Argument from scriptural miracles
The argument from biblical miracles states (more or less) that because a holy book states that people witnessed miracles. This is often associated with a holy figure such as Jesus or Gautama Buddha and is interpreted as evidence of their divine character. It is a form of argument from miracle testimony.
- "The miracles of Jesus and of the Bible writers are God's stamp of approval on their teaching. This witness testifies that there is a God who possesses supernatural power. And since the Bible writers did miracles, they must have been guided by God's power. Likewise the fact that Jesus did miracles confirms the truthfulness of His claims that He was the Son of God."
Jesus is said to have performed many miracles, including walking on water, raising from the dead (both others and himself) and healing the sick by touch.
There are relatively few claims of Muhammad performing miracles.
- The main example is said to be the scriptural inerrancy of the Qur'an. The Qur'an is also said to contain scientific foreknowledge, prophesy and significant numerical properties.
- Some interpretations suggest Muhammad split the moon in two. (Quran 54:1-2) 
Gautama Buddha is recorded as performing many miracles.
Assuming the Bible is accurate
- Main Article: Argument from scripture
This argument assumes the Bible is true, which is questionable since it is full of false statements, contradictions and written long after the events by non-eye witnesses.
- If the Bible is assumed to be true, the Bible confirms that God exists (e.g. Genesis 1:1) and the argument is not required.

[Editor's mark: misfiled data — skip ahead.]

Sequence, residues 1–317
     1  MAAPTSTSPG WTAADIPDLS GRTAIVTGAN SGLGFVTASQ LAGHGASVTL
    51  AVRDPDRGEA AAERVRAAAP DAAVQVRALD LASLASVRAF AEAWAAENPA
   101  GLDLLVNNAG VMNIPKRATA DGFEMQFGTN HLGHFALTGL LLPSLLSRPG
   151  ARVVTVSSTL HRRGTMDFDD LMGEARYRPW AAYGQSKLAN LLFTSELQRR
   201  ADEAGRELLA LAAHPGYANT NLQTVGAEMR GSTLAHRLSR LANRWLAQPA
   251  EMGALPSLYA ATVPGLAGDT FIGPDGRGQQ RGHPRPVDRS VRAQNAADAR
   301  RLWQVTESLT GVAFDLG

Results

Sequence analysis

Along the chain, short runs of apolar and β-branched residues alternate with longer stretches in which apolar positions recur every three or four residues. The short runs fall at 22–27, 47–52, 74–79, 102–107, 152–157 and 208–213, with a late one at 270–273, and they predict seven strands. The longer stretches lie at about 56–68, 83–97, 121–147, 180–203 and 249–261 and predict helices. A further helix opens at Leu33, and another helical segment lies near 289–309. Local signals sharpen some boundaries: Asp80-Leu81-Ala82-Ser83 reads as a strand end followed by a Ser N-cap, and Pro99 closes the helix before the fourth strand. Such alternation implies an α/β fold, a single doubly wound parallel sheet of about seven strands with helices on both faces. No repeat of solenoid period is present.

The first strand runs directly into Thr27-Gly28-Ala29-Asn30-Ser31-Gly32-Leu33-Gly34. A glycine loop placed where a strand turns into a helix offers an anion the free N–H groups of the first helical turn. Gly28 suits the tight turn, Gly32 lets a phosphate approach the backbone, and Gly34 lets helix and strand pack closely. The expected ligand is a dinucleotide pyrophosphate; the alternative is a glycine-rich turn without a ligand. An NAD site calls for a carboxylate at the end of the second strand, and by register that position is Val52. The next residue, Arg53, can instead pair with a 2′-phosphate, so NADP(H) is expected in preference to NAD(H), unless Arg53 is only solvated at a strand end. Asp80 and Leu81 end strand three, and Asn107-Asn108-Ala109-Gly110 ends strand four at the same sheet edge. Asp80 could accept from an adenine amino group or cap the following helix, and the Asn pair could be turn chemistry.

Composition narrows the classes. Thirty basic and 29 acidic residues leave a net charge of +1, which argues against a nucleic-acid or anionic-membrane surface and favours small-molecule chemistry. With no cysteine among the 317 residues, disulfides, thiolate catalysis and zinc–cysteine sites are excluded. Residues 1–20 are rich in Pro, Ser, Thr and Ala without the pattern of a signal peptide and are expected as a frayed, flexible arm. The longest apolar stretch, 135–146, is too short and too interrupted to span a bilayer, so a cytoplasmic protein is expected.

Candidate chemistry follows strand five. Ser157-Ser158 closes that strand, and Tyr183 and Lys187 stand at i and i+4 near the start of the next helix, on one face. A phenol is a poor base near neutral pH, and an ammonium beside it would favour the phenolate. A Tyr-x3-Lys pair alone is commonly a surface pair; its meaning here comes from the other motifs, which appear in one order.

- If the Bible is not assumed to be true, the argument is based on an unsupported premise.
Accepting unreliable testimony from confirmation bias
- Main Article: Outsider test
There is no other evidence of the miracles apart from the holy book that a man walking on water, or feeding 5000 with five loaves and two fishes, or turning water into wine. We are left solely with testimonial attestation of these events.
Imagine taking a number of tribesmen from New Guinea and subjecting them to a magic show. Afterward, it would be possible to collect as many testimonies as desired to the "fact" that, for example, the magician was beheaded by a guillotine, but was re-integrated and completely unharmed several minutes later. These testimonies are contemporary (indeed, as contemporary as is possible) and mutually corroborative, Moreover, these witnesses could be questioned to any degree. What would be our reaction? Would we take these testimonies as evidence and conclude, based only on them, that the magician really did have his head cut off and survive? Or would our incredulity at the likelihood of the event override the testimonies and lead us consider other alternatives (the tribesmen were fooled, they aren't remembering correctly, they're lying, etc.).
Would adding centuries of possible embellishment and distortion make the testimonies more, or less, credible?
The reason we reject their testimony is that we have prior experience that these things do not usually occur. We base our beliefs depending on the weight of the evidence, considering that such things might occur outside our experience and the possibility that the "miracle" witnesses were mistaken. This standard of evidence for miracles was suggested by John Locke and in David Hume's essay Of Miracles.
The primary reason such miracle testimony is accepted is that the believers' incredulity are overridden by their a priori assumption that their god, or Jesus, is all-powerful; the testimonies are worthless without it. This will shift the discussion in that direction.